Tropical Cyclone Monitoring

The World Meteorological Organization (WMO) Tropical Cyclone Programme has been established to minimise the loss of life and damage caused by tropical cyclones.

Who is watching for Tropical Cyclones?

Internationally there are six Regional Specialised Meteorological Centres (RSMCs), together with six Tropical Cyclone Warning Centres (TCWCs), which have regional responsibility to provide tropical cyclone advisories and bulletins.

Map of WMO Tropical Cyclone Monitoring Centres

Map of WMO Tropical Cyclone monitoring centres, courtesy of the Australian Bureau of Meteorology.

MetService is the Wellington TCWC, so all advisories and bulletins about Tropical Cyclones that could affect New Zealand originate from us.

Why do we need to know about Tropical Cyclones?

Tropical Cyclones are one of the most dangerous weather hazards for humans. Every year they do massive damage to property and can cause considerable loss of life. They generate strong wind, heavy rain and large sea surges, which can affect New Zealanders on sea or land across the Pacific Region. Warning people before any major weather event can minimise loss of life and property damage.

Read our summary blog about Tropical Cyclone Pam (March 2015) here.  

Important facts about Tropical Cyclones and New Zealand

  • On average, about 10 tropical cyclones form in the South Pacific tropics between November and April each year, and about one of those will affect New Zealand as an ex-tropical cyclone (most commonly in February or March).
  • The characteristics and structure of any tropical cyclone will change dramatically by the time it reaches New Zealand, and it will almost certainly be re-classified as an ex-tropical cyclone. This is due to it moving over colder waters and encountering strong upper level winds as it moves south out of the tropics. See our blog http://blog.metservice.com/TC-extra-tropical-transition for more information about extra-tropical transition. Although these storms will no longer be classified as tropical cyclones, we will often still refer to them by their given name  e.g.  ‘Cyclone Winston' for communication purposes.
  • Re-classification as an ex-tropical cyclone does not necessarily mean the system has weakened or been downgraded, but rather that it has transformed into a completely different type of weather system. Ex-tropical cyclones may still have considerable potential for severe weather, and under the right meteorological conditions they can intensify and acquire lower pressures than they had before being re-classified. Many of New Zealand’s most severe storms have been ex-tropical cyclones.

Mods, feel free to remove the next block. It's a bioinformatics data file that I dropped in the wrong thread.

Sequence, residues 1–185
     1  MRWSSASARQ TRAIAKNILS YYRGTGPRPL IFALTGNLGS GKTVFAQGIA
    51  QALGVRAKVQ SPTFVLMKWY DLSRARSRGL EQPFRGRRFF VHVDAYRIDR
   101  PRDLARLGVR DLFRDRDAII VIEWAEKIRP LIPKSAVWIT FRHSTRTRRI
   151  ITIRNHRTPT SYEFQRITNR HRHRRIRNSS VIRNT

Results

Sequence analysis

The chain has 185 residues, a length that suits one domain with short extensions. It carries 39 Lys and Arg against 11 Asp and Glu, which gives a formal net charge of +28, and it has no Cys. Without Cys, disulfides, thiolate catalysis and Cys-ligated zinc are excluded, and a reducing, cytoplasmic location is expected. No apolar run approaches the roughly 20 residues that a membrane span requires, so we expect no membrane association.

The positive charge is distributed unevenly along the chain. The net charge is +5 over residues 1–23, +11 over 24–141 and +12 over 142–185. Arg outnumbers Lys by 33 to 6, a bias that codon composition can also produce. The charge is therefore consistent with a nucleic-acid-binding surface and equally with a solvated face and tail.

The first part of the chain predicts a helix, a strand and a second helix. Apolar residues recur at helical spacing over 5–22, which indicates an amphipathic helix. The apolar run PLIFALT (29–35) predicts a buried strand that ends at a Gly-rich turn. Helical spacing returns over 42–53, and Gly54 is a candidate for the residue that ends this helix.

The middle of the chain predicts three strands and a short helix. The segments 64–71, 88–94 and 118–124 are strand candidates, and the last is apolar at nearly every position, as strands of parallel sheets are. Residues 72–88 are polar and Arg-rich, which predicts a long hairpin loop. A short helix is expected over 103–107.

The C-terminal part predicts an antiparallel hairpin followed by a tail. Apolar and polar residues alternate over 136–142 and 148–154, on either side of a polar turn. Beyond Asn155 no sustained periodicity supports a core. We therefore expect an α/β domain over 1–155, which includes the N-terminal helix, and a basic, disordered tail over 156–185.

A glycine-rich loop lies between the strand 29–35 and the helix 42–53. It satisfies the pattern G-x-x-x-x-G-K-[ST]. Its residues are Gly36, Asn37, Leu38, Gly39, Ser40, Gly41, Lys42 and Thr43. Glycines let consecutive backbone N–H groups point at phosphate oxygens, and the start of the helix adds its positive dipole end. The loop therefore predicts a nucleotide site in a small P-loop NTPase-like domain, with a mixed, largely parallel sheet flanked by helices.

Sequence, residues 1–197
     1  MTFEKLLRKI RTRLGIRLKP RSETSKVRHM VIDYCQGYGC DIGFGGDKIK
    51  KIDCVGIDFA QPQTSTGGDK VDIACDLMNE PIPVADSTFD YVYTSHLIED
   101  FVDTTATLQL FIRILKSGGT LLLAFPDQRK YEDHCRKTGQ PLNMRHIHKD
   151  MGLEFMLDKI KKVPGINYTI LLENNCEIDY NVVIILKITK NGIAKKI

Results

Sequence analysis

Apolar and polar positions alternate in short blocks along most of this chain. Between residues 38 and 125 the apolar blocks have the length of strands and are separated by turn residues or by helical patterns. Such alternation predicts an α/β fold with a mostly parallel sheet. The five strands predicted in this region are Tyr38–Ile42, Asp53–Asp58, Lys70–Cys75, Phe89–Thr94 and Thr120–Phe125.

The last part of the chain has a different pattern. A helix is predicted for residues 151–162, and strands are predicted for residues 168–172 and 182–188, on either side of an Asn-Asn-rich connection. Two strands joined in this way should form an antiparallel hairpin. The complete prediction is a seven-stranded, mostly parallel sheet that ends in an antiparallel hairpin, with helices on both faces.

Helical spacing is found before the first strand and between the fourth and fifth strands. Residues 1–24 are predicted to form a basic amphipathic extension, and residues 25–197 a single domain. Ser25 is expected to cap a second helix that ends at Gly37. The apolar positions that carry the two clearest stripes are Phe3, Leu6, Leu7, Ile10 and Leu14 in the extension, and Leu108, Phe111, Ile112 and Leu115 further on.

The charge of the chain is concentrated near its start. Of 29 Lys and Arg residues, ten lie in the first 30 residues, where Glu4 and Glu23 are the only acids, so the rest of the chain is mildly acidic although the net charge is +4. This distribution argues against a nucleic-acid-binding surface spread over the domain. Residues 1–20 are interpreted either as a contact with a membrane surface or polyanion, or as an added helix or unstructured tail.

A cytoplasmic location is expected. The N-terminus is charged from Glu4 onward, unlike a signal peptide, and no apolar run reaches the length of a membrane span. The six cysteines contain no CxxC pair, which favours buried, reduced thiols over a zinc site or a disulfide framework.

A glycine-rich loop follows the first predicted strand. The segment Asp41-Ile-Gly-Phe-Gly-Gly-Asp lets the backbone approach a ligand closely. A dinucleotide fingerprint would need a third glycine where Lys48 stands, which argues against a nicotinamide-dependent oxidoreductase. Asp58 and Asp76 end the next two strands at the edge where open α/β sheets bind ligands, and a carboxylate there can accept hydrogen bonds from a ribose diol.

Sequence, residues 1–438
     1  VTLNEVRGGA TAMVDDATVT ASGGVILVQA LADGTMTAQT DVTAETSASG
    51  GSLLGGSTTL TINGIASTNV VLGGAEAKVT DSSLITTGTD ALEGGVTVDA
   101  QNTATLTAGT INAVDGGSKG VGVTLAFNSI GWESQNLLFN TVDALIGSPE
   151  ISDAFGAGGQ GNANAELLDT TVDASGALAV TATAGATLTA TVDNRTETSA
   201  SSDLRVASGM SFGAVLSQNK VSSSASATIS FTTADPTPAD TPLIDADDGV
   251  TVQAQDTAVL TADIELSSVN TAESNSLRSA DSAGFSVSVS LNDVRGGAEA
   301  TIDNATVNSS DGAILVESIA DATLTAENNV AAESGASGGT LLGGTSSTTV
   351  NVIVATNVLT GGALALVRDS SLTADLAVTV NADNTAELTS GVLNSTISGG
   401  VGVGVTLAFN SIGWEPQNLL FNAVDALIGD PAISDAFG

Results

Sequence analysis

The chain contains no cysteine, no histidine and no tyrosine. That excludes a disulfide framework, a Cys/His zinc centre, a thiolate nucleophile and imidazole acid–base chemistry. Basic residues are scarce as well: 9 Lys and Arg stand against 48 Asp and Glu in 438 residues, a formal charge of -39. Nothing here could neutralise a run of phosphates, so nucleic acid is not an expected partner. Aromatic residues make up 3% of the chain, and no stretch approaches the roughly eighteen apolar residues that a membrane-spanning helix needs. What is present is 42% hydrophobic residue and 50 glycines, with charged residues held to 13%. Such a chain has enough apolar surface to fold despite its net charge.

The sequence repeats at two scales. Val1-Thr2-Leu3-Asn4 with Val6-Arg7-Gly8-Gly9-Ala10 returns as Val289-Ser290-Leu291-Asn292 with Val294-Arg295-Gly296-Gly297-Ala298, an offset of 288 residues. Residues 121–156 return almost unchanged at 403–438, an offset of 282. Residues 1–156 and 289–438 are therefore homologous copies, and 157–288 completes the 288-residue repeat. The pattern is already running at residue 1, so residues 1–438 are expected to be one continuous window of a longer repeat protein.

• In the tropics, the strongest winds and most intense rain associated with a tropical cyclone usually occur just outside the ‘eye’ (cyclone centre). However, after the cyclone has undergone extra-tropical transition, it loses its symmetric cloud pattern and the strongest winds and heaviest rain can be hundreds of kilometres from the cyclone's centre, usually in a large area south of the centre. This means that the position of the cyclone centre is no longer a good indicator of where the most severe weather will be. During Cyclone Bola in 1988, the heaviest rain and strongest winds over New Zealand occurred well away from the centre of the cyclone. It is wrong to assume that because the cyclone centre is missing New Zealand, the severe weather will also miss New Zealand!

    TC Pam

Where to get the latest Tropical Cyclone information

For New Zealand:

  • MetService produces a Tropical Cyclone Potential Bulletin which appears as a 'Tropical Cyclone Activity' link in the Warnings banner and on the Warnings Home page if there is any activity in the tropics that could potentially turn into a Tropical Cyclone, or has been named as a Tropical Cyclone. Details of the latest updates, positions and expected movements can be found on the Tropical Cyclone Activity page
  • MetService will often produce blogs and/or news releases on significant TC activity - watch the Home page of the website for these, or visit the blog here.
  • NOTE that any significant weather effects on New Zealand caused by Tropical Cyclone activity are covered by Severe Weather Watches and Warnings

For our region:

Globally:

  • WMO's Severe Weather Information Centre http://severe.worldweather.wmo.int/ provides a global snapshot of all tropical cyclones and depressions, typhoons and hurricanes currently being monitored by WMO monitoring centres.

What is a Tropical Cyclone?

A tropical cyclone is a low pressure system which forms over warm waters in the Tropics and has gale force winds (63km/h or more) at low levels near the centre (winds turning clockwise in the southern hemisphere), with organised convection (i.e. thunderstorm activity).

The gale force winds can spread out hundreds of kilometers from the centre of the cyclone, and if the winds reach 118km/h then the system is call a Severe Tropical Cyclone. See the table below for what severe tropical cyclones are called in other parts of the world.

What severe tropical cyclones are called in other parts of the worldWhat are the different categories of Tropical Cyclone?

This table gives a simplistic outline of how Tropical Cyclones are categorised.

How Tropical Cyclones are categorised

When do we get Tropical Cyclones?

In the southern hemisphere, the tropical cyclone season usually lasts from November to April. In the northern hemisphere, most tropical cyclones occur between June and November with a peak in September. However, in the north-west Pacific it is not unusual to have the occasional tropical cyclone outside of this period. Tropical cyclones are occasionally observed in the South Atlantic, but this is a very rare occurrence.

Tracks and intensity of Tropical Cyclones 1851-2006Image courtesy of COMET, NASA